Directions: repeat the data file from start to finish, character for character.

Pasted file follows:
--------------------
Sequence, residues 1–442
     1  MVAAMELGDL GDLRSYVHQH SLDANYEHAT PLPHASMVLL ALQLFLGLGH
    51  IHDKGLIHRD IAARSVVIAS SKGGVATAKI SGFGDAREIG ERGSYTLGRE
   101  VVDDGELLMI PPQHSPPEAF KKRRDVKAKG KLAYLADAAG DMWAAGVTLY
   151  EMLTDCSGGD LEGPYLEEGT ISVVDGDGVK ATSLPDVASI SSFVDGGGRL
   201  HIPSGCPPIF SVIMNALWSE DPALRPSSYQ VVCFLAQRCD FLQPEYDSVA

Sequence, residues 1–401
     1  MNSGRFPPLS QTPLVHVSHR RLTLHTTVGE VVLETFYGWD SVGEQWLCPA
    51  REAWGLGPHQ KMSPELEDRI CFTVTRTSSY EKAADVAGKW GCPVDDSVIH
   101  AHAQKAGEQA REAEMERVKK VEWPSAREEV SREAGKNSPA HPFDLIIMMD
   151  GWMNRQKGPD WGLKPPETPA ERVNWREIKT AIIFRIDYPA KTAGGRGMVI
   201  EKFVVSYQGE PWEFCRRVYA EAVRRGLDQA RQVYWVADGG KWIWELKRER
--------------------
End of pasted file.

Sequence, residues 1–442
     1  MVAAMELGDL GDLRSYVHQH SLDANYEHAT PLPHASMVLL ALQLFLGLGH
    51  IHDKGLIHRD IAARSVVIAS SKGGVATAKI SGFGDAREIG ERGSYTLGRE
   101  VVDDGELLMI PPQHSPPEAF KKRRDVKAKG KLAYLADAAG DMWAAGVTLY
   151  EMLTDCSGGD LEGPYLEEGT ISVVDGDGVK ATSLPDVASI SSFVDGGGRL
   201  HIPSGCPPIF SVIMNALWSE DPALRPSSYQ VVCFLAQRCD FLQPEYDSVA

Sequence, residues 1–401
     1  MNSGRFPPLS QTPLVHVSHR RLTLHTTVGE VVLETFYGWD SVGEQWLCPA
    51  REAWGLGPHQ KMSPELEDRI CFTVTRTSSY EKAADVAGKW GCPVDDSVIH
   101  AHAQKAGEQA REAEMERVKK VEWPSAREEV SREAGKNSPA HPFDLIIMMD
   151  GWMNRQKGPD WGLKPPETPA ERVNWREIKT AIIFRIDYPA KTAGGRGMVI
   201  EKFVVSYQGE PWEFCRRVYA EAVRRGLDQA RQVYWVADGG KWIWELKRER